Mark Davis was appointed CEO this week, replacing Jeff Gerard who had only been in the position since May. Gerrard had replaced Danny Callow, who had held the role since January, having taken over from Johnny Blizzard. Blizzard resigned in December 2018 as part of the company’s settlement with the Ontario Securities Commission.
Mr Davis takes over towards the end of what has been a challenging two years for Katanga Mining and Glencore’s wider African Copper unit.
Last year saw a court case over unpaid royalties with Israeli businessman Dan Gertler, the discovery of high uranium levels at Katanga, and the introduction of new 10% mining royalties on cobalt in the DRC. This year has seen challenging financial results and a tragic mining accident near to the KOV open pit mine, operated by Glencore subsidiary Kamoto Copper Company (KCC), in which more than 40 artisanal miners perished.
In August, based on its “carried internally sourced priced cobalt exposure of 10.3kt” and “a significant decline in hydroxide payabilities” Glencore reported related EBIT losses within its Marketing segment of approximately US$350M during H1 2019. Q3 results, released earlier this month, showed that cobalt revenue decreased to US$48.2M in Q3 2019 YTD from US$323.0M in Q3 2018 YTD. The decrease was a result of the temporary suspension of exports and sales from November 2018 to April 2019 (because of high uranium levels) as well as sales deferrals due to the mechanical breakdown of dryers.
While the uranium issue hasn’t disappeared, and the medium-term impact on processing capacity is uncertain, reports suggest things are improving. An aggregate of 97% of the cobalt hydroxide produced in Q2 and Q3 2019 complied with international transport regulations (compared to 30% in Q1) and was also below the acceptable limit of contained uranium allowed for export through main African ports.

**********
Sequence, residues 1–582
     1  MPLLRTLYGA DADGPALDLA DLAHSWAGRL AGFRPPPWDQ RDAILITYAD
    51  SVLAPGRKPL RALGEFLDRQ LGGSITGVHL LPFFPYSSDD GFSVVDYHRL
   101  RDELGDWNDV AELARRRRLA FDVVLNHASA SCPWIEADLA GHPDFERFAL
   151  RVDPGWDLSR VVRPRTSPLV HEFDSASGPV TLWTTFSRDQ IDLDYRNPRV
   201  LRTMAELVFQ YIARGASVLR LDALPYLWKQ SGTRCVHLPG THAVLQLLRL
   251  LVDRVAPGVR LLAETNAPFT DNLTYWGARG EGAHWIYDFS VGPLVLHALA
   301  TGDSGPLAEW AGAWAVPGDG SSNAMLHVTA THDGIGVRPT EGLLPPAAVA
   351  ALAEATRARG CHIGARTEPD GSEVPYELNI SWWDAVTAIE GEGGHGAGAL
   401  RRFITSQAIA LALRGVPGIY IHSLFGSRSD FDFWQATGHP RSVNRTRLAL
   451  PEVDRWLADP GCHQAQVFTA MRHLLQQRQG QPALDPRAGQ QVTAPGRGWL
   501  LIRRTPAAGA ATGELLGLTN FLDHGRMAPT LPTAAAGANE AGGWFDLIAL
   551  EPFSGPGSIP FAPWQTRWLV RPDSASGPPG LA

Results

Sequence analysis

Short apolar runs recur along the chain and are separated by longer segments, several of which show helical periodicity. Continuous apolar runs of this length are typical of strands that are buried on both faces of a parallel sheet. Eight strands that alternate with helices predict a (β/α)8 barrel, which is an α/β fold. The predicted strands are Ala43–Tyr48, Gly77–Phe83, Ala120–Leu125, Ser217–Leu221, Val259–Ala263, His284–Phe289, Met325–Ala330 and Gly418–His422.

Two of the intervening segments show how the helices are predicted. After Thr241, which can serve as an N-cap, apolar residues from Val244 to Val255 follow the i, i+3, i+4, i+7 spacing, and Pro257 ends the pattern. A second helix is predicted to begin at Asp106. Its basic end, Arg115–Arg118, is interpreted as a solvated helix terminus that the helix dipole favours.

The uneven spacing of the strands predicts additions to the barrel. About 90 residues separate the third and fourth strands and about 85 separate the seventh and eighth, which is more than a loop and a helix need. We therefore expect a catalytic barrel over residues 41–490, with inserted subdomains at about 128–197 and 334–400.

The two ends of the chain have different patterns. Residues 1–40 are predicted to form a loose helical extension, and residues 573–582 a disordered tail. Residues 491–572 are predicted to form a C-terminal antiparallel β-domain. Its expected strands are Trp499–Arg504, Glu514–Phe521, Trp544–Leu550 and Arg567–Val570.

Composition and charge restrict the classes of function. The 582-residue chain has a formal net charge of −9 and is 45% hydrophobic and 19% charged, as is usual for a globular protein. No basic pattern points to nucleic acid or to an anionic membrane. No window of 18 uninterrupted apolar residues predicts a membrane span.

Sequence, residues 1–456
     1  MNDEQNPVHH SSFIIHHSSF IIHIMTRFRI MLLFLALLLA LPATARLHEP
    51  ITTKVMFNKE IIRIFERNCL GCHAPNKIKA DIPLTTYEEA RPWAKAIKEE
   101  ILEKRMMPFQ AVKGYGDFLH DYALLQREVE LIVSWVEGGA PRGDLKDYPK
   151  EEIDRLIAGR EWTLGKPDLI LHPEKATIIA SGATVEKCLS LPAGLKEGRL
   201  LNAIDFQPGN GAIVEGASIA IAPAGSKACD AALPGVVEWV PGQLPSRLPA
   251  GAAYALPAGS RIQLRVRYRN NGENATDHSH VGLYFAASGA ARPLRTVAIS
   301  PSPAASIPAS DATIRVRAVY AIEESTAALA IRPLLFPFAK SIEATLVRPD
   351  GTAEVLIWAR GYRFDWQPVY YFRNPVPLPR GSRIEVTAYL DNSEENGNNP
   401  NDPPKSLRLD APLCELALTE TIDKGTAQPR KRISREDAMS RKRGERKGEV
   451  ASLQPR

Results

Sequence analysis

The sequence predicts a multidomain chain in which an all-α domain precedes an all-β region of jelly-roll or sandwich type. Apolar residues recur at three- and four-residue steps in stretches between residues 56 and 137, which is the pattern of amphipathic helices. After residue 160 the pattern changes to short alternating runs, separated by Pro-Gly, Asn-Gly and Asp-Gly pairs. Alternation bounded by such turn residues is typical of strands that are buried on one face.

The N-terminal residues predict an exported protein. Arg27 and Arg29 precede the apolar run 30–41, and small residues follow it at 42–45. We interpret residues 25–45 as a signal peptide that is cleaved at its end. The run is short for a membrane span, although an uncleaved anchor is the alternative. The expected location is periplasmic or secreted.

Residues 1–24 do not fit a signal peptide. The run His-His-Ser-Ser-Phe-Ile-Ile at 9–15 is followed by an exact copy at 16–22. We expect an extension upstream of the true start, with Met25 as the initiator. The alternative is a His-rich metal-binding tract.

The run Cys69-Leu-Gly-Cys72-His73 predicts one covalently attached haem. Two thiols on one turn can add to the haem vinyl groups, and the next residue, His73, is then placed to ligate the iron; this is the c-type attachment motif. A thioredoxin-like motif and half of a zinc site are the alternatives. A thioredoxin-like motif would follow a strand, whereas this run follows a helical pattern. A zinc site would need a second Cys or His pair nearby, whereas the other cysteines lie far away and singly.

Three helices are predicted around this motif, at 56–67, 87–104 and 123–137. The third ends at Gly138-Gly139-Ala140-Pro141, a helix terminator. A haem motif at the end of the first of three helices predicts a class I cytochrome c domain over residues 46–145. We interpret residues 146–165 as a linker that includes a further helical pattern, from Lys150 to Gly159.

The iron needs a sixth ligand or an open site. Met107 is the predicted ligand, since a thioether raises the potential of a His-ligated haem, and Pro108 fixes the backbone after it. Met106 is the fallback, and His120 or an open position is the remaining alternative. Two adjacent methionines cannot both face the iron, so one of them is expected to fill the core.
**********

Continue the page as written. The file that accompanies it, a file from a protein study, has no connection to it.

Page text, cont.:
Katanga also reports that cobalt de-bottlenecking schemes at KCC are progressing, although they are expected to continue throughout 2020. The objective is to upgrade the existing cobalt plant design in order to reduce bottlenecks through modification of the precipitation, thickening, filtration, drying and bagging processes. This will align the design of the cobalt plant with the average life-of-mine cobalt production plan of 30ktpy Co.
Filter press commissioning is complete, as is commissioning of a magnesium oxide plant. However, full drying capacity won’t be reached until 2020. Only at this point will KCC be in a position to export dry cobalt production, including that from processing accumulated cobalt inventories.
Current guidance for Katanga is 16kt this year and 29kt in 2020, which will elevate its output about that of Tenke Fungurume and, with Mutanda suspended, make it the largest operational cobalt mine in the world. Thus, its ramp up rate, and output in 2020 and beyond, will have a considerable impact on future market balance.
Roskill’s Cobalt: Outlook to 2029 report was published in August 2019. Click here to download the brochure and sample pages for the report, or to access further information.